Metal roll hips should conform to sheet metal technical recommendations. For advice on pitches less than 30 deg. contact the Premier Slate.

15

Abutments and Ridges Minimum width of soaker 100mm or half the width of slate size used, whichever is the greater 20 Kg lead soakers at each course, Minimum length = gauge + lap + 25mm

Clips 50 mm wide, weight suggested to be the same weight as the flashing at 300 - 500 mm centres and laps

20 Kg lead flashing Wedged into brickwork

20 Kg lead flashing

25mm 20 Kg lead flashing in max 1.5 metre lengths, wedges at laps and at 450mm centres

Tiled Ridge Finish slating with a head-nailed short course to maintain gauge.

Sloping Edge Cut slates as necessary and interleave with lead soakers to form a close, weather tight abutment. Fix soakers by turning down over the head of each slate. Ensure that lead flashings are neatly dressed down over soakers immediately after slating is complete.

Top Course Turn underlay 100mm up abutment. Finish slating with a head-nail short course to maintain gauge. Ensure that flashings are fixed immediately after slating is complete.

Underlay taken Over ridges

Ridges tile bedded and jointed in mortar

Make weather tight with ridge tiles laid to a true line with edges and joints solidly bedded in mortar, neatly struck off flush as the work proceeds. Fill ends of ridges at gables with mortar and slips of slate finished flush. Mortar for bedding ridge tiles, 1:3 cement to sand pigmented to approved colour.

Metal Roll Ridge 25 Kg or 30 Kg lead ridge, 460 to 500mm wide, max 1.5 metre lengths. Lead tack 50mm wide at 150mm centres, under timber roll. Horizontal laps at 150mm.

16

Underlay taken over ridge Top batten may be thicker than standard

METAL ROLL RIDGE

Eaves and Verges mortar bed

bargeboard slate-and-a-half slate undercloak slate butt soffit board

outer rafter

Eaves eaves undercourse slate

Dress underlay into gutter and pull tight to ensure no water retaining troughs and support with tiling fillet. Fix under eaves and eaves course of slates with tails aligned and projecting 45mm (min.) to 55mm (max.) beyond the facia tilting fillet or wall face. Longer slate nails may be required at eaves courses.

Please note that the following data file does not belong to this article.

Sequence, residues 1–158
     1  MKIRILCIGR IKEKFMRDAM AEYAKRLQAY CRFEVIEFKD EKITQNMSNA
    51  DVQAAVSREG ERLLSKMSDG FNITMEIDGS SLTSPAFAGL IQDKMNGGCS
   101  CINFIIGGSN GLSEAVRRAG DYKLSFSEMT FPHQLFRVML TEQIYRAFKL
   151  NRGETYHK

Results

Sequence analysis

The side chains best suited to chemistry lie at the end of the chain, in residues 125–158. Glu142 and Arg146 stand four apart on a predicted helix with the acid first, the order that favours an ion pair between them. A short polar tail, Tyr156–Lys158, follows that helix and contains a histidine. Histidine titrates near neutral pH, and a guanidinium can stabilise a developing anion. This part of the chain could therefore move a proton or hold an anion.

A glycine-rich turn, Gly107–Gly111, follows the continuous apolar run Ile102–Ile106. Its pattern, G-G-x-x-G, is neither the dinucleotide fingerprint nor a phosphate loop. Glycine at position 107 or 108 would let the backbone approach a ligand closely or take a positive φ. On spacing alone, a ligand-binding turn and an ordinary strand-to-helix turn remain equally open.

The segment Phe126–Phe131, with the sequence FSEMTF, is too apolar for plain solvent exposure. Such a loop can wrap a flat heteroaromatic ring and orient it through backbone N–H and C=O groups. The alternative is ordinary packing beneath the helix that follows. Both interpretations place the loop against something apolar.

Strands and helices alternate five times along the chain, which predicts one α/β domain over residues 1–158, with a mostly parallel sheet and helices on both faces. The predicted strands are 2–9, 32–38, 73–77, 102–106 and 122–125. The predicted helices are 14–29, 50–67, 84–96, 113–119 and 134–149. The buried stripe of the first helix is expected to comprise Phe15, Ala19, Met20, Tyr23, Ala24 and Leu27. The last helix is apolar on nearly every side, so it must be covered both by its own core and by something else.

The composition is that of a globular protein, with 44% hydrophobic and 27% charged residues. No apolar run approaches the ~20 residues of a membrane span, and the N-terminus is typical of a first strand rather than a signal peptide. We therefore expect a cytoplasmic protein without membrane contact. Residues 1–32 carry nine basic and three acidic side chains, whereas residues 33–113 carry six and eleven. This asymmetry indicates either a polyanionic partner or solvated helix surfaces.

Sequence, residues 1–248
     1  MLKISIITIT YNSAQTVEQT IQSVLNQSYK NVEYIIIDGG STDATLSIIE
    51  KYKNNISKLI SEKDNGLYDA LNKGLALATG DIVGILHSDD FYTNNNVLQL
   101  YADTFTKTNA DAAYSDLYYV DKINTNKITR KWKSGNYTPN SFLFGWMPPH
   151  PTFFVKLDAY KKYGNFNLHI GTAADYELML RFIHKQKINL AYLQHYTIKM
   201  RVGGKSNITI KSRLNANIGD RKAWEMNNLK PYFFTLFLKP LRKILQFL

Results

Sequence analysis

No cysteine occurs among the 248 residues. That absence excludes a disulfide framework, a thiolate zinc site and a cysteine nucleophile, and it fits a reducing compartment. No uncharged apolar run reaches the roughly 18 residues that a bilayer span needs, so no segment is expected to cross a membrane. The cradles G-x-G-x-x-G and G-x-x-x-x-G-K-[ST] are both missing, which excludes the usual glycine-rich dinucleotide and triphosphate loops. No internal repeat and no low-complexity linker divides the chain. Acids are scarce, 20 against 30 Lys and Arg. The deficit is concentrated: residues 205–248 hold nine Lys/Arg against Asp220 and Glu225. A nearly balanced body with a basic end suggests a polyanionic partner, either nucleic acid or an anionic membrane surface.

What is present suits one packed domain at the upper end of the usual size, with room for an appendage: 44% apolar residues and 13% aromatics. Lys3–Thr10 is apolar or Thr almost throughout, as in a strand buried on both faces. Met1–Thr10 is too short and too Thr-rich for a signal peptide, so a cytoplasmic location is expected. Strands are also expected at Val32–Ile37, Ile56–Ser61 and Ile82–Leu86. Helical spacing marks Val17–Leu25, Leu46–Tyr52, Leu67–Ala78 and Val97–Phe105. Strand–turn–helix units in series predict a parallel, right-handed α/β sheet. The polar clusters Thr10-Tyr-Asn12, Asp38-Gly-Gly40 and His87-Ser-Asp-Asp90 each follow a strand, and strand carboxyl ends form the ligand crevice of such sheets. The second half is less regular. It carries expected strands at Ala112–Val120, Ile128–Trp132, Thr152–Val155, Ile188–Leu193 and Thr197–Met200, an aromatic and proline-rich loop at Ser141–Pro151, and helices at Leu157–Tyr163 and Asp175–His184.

Verge on Bargeboard

Wet verge - Ensure that undercloak and underlay are well lapped. Nail undercloak fair face down to a true line and projecting 25mm (min.) to 50mm (max.) from face of bargeboard. Fill the gap between undercloak and slates with mortar and strike off to give a neat flush joint. Mortar for bedding and pointing to be 1:3 cement to sand pigmented, to match colour of slates.

Dry verge

Keep the bargeboard up to a level with the top edge of the batten, the slates will then over sail the barge.

Verge on Brickwork

Ensure that undercloak and underlay are well lapped. Bed undercloak in mortar fair face down, to a true line, projecting 25mm (min.) to 50mm (max.) beyond face of wall, and point neatly to match in with joints in walling. Cut verge slates as necessary and fix flush with undercloak. Fill the gap between undercloak and slates with mortar and strike off to give a neat flush joint. Mortar for bedding and pointing to be 1:3 cement to sand pigmented, to match colour of slates. Note: Where possible use slate-and-a-half slates to alternate courses to form verges.

Mitred Valley

Cut slates neatly and accurately and interleave with lead soakers to form a straight, close, weathertight mitred junction. Fix soakers by nailing to battens at the top edge. Minimum recommended pitch is 50 deg. For pitches below this please contact Premier slate.

17

Welsh - Penrhyn Canadian - Glendyne Acme - Plain Tiles/ Terracotta Heritage Shingles SVK - Fiber Cement

www.premierslate.com.au | [email protected] t: 0402 348 972